Here come the blonde warrior women of NBC! The next in my series of television premier series reviews comes Chase. This show reminds me briefly of every law enforcement TV show that has ever existed—but mostly it made me think of In Plain Sight (which I happen to love to death.) Sadly, it doesn’t work quite as well as In Plain Sight does with Mary Shannon as our blonde, quirky protagonist—instead Chase gives us a strong, brass-balled warrior girl in the form of Annie Frost.
And she’s one cool customer.
(What can I say? I’m partial to brass balls archetypical warriors like Vex Harrow.)
I have to admit, I subscribed to this one just because I can feel potential cracking beneath the surface—but it still didn’t manage to keep my attention very well. I found myself drifting out to read stuff on the Internet and edit my articles as I watched. The character drama is lacking and the action scenes are a little lax. However, I must say, they’re humorous enough to make me smile. During one apprehension scene (a chase scene no less) they actually ran through a herd of driven bulls and then crashed through a rodeo in progress. Let me just say, I’d never want to run through a rodeo even if it was just a calf wrangle. I’ve been to the rodeo plenty of times (I’m from rural Minnesota and we had a rodeo every Saturday and Sunday) and with horses and cowboys tearing up the dirt in the arena it was never a safe place to be standing.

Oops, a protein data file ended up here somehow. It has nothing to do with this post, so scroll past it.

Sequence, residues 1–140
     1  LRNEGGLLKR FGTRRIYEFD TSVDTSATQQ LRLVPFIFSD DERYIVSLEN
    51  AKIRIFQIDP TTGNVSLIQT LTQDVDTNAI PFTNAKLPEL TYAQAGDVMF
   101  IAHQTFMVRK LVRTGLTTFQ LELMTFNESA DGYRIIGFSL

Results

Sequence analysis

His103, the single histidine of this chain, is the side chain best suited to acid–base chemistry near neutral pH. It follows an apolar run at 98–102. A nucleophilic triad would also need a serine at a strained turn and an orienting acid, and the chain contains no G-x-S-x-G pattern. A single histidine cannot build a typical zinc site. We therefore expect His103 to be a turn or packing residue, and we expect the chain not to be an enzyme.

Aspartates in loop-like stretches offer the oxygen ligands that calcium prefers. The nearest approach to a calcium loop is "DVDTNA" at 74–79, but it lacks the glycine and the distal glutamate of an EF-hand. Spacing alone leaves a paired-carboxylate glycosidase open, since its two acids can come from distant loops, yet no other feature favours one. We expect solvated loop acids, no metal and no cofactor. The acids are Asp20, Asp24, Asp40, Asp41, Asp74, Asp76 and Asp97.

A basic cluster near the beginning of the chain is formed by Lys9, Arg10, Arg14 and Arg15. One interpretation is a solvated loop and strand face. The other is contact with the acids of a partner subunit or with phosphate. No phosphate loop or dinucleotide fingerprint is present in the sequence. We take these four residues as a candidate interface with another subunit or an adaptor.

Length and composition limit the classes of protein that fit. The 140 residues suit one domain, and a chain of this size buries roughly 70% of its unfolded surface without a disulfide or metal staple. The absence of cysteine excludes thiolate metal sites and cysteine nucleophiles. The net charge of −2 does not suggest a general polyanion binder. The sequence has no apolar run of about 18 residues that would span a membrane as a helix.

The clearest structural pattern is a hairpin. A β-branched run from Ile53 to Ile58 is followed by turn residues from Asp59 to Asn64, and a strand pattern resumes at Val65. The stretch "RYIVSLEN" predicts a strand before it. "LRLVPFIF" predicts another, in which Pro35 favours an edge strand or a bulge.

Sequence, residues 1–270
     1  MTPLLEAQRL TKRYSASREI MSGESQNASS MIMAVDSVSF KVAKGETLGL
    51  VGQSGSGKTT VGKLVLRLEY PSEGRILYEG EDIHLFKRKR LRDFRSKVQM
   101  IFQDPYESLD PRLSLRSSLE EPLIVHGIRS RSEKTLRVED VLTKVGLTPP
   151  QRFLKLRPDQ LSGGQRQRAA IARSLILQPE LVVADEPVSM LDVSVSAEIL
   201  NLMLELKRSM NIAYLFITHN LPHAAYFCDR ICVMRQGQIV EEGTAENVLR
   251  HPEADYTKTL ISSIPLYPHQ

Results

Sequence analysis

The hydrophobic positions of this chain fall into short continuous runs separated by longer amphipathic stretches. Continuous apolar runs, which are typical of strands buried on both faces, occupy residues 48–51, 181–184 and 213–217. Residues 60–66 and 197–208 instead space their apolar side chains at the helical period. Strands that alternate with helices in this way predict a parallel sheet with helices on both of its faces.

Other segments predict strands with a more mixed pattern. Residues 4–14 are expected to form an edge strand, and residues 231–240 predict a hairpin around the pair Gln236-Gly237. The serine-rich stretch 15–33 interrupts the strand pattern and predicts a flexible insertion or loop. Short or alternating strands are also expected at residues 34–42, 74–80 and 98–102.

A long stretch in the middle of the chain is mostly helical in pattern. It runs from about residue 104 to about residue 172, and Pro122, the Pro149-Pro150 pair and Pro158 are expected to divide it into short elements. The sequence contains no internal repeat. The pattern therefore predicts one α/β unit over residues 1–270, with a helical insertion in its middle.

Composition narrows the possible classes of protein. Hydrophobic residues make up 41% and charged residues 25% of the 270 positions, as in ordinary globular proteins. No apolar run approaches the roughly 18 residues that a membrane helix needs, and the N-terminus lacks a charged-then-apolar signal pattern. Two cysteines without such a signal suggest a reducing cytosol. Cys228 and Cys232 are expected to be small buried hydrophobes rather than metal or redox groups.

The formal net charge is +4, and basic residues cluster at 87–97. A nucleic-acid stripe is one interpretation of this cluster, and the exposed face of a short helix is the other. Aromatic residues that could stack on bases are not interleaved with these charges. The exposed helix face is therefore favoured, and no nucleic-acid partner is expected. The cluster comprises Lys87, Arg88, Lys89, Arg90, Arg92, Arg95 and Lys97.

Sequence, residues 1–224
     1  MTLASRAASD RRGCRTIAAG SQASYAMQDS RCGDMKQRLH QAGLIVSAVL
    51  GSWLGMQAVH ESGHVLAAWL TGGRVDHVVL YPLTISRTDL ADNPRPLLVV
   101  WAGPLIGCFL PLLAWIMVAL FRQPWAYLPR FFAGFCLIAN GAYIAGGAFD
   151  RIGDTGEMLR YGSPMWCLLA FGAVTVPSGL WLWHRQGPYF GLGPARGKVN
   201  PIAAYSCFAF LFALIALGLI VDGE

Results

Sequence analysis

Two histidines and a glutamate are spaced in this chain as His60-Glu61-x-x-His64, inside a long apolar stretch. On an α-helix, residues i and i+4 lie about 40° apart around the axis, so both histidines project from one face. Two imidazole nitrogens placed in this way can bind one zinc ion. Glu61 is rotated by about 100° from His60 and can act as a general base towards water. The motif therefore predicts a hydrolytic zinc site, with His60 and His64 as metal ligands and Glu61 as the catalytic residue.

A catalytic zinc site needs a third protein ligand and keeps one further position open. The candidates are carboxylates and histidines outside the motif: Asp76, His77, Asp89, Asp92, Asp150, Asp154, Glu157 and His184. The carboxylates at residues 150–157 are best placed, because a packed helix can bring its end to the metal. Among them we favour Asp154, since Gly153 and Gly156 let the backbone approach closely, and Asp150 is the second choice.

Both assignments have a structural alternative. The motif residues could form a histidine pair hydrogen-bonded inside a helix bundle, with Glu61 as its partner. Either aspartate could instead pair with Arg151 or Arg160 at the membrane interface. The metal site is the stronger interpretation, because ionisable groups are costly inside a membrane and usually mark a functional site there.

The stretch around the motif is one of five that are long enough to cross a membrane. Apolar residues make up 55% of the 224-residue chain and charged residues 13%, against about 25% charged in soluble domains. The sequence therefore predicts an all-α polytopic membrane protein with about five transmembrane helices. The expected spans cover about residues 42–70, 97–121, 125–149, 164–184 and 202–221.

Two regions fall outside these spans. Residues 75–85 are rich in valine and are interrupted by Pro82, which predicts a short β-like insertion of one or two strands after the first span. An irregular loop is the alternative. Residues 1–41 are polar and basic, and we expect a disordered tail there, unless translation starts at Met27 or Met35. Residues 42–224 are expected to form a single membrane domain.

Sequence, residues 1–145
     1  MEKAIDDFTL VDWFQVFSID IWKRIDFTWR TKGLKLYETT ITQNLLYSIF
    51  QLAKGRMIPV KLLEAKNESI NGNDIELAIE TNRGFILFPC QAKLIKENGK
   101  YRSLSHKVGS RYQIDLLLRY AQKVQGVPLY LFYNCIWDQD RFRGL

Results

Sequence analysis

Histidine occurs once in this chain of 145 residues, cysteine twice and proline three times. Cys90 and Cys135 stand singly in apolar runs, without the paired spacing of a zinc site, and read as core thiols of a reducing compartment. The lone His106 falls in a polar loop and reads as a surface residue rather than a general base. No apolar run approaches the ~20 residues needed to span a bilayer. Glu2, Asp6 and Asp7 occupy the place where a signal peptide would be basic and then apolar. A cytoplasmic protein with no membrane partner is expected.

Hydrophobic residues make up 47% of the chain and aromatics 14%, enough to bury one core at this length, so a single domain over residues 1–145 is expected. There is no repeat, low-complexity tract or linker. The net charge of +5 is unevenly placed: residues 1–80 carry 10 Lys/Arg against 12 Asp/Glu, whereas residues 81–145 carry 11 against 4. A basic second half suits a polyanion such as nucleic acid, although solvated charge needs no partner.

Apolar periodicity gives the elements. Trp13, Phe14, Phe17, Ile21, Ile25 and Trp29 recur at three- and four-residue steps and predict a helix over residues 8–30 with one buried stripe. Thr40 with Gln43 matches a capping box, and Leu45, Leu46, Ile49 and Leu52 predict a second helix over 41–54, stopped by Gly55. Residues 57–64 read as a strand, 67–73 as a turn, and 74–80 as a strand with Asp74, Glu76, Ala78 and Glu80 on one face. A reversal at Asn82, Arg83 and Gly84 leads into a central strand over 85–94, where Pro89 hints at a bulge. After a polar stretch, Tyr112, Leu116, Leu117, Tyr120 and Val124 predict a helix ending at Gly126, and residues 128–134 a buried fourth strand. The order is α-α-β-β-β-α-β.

Annie doesn’t really have much of an inner life yet. I haven’t been able to get a sense of her or any other character. This is where I think my particular tilt is going to show—I really like portrayals that give me personal access to characters, giving them life and energy outside of the usual on-screen presence. Right now: Annie lacks this. I’d really love to have a half-a-philosopher like Mary Shannon, or the brimming romantic cop, but instead I have a generic law-enforcement type going about her job. Perhaps she’ll grow out of it. I expect her to.
Maybe the show just needs a curious or strange fugitive to take down. Someone that can show me why I should care that our warrior lady Annie Frost has a heart or a grim sense of duty.
And, as a side note, can someone tell me why everyone keeps telling the rookie to hide his gun under his shirt?